And it’s really challenging for them to continue to put feedback into a system that they don’t know how it’s being leveraged; this loop is never closed.
On the other side, I see product teams every day that are overwhelmed by noise, and they’re unable to discern valuable signals from that noise.
And so more feedback is coming in, and they’ve reached a saturation point where it’s not effective at altering kinds of priorities. Priorities that might take weeks or months, or even quarters to shift and adapt to.
And so, what does this end up in?
Well, what ends up happening is that inertia built and that product teams continue to do the thing because they’ve always done it. And that customer-facing teams continue to input feedback, but it gets lower and lower quality.
And the outcome of this, and this is a real tragedy, is that there is incremental progress across a wide area versus focusing on places that are really relevant right now and making a real difference inside of the product at that moment, really like taking a signal, and acting on it.
So what are we gonna do about this problem?
Well, the answer is certainly not, at least from my experience, building the perfect feedback mechanism because the perfect feedback mechanism just does not exist. All of the kind of taxonomy that you can create, all of the kind of perfect loop signaling, it just is gonna break down at scale.
But there are things that can be done, concrete things that can be done to improve this connection between customer needs and the product team.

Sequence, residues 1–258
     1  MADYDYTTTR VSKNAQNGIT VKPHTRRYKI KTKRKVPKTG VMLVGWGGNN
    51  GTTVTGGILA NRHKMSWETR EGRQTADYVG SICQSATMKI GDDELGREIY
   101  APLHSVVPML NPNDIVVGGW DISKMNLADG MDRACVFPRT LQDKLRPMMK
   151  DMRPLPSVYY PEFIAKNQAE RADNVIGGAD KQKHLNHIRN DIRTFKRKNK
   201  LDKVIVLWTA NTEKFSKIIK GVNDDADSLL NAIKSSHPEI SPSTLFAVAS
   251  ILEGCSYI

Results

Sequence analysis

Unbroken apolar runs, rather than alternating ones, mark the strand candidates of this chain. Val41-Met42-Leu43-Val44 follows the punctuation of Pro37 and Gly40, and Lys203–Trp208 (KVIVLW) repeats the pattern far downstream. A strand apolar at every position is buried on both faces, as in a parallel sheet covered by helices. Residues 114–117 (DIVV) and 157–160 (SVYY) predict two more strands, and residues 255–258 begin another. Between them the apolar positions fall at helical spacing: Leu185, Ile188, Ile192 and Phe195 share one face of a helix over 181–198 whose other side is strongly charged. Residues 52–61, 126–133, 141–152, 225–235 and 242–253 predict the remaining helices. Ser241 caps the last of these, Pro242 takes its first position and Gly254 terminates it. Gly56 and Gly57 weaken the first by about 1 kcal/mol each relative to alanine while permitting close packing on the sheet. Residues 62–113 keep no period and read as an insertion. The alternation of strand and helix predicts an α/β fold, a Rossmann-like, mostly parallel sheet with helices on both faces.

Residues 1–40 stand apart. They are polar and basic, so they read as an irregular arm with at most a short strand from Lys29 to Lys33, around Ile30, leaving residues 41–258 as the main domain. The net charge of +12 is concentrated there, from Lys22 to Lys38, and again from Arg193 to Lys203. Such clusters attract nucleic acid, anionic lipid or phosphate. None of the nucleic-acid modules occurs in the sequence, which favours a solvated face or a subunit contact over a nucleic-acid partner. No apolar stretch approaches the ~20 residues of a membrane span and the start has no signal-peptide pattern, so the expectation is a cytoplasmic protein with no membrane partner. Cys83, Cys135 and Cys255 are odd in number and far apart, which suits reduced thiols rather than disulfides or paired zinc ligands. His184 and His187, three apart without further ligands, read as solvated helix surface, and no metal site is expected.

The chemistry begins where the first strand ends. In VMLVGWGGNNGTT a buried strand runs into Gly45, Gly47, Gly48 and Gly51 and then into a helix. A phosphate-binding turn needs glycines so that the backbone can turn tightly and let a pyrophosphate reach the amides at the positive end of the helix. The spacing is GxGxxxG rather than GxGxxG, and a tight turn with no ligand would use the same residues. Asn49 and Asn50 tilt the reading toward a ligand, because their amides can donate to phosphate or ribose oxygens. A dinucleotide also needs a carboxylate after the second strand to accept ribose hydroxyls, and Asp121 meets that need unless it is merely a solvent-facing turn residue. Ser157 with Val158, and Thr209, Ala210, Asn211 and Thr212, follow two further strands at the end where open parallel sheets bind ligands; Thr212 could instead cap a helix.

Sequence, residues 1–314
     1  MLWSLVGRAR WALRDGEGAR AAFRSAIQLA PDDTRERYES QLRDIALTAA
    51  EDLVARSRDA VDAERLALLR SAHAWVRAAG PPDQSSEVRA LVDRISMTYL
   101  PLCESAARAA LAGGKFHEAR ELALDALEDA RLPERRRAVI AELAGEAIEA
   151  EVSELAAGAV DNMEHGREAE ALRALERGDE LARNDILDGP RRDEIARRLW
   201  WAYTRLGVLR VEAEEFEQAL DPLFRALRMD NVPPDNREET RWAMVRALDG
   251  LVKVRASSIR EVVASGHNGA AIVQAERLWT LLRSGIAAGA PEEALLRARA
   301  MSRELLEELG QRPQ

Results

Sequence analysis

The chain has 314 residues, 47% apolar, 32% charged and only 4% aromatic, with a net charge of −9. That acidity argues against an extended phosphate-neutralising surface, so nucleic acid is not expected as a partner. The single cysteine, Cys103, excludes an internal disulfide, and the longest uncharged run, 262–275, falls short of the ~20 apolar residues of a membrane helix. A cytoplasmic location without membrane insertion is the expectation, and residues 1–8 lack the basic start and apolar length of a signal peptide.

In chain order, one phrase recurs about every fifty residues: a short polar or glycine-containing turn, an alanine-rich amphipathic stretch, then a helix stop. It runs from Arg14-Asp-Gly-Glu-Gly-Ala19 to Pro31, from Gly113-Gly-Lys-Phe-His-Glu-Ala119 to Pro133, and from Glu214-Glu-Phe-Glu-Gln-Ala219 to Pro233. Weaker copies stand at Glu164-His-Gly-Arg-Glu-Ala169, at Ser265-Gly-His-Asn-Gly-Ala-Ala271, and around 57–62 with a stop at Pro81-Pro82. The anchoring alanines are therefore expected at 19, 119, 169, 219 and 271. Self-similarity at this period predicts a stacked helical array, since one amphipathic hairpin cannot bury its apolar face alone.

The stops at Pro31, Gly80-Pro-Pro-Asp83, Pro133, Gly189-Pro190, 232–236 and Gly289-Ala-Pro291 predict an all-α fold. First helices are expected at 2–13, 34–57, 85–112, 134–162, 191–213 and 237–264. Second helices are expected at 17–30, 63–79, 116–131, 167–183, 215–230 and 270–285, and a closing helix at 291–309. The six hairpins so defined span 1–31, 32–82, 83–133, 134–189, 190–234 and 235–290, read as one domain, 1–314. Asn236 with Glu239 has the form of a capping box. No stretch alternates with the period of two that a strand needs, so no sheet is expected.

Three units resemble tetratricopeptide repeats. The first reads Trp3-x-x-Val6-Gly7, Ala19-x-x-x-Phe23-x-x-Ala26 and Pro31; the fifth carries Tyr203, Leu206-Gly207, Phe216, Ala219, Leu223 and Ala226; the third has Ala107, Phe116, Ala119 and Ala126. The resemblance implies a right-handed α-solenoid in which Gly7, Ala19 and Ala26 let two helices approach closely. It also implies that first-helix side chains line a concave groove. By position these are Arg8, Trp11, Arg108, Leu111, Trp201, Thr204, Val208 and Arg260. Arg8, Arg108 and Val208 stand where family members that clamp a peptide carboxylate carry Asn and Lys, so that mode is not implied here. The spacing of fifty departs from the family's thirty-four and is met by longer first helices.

And I want to talk about a handful of them.
So the first is that this motion of pushing feedback into a product team that is saturated will never result in positive outcomes.
What needs to be flipped is that product teams need to feel it is their responsibility to pull information that validates their decision. That they are really not in a decision-making capability on their own. They earn that privilege; they earn that right by being connected to the signal that comes.
And so this is about a product manager having an idea, having a sense of a priority, and then pulling validation on that idea. And that pulling then can maybe take them in other directions. But that is much more actionable than this processing motion of receiving feedback push to them.
The other thing and this is important for product teams I’m speaking directly to product folks out there, is that all of your decisions have to begin with evidence. That there is no kind of gut feeling, “I think that this should go” I mean, evidence also needs to be robust.
There’s no like, “Well, you know, I was talking to this customer last week, and they want me to do this,” or even worse, “I’m doing this because I’ve always done it. I came into this team, and this was the priority, and now it just continues to be.”
So product teams have to have an opinion on where that value is, and that opinion needs to be driven by evidence.
And then, finally, that validation, as I mentioned, directs the conversation. It biases the team towards action. If you’re coming up with an idea that you want to do something about, the only answer outta that conversation is, “Yes, I’m gonna go and do that thing,” or, “No, I’m gonna go do another thing,” which is much more active than processing feedback passively.
Hot Takes Live
Catch the replay of Hot Takes Live, where 30 of the top SaaS leaders across Marketing, Sales, and RevOps revealed some of their most unpopular opinions about their niche.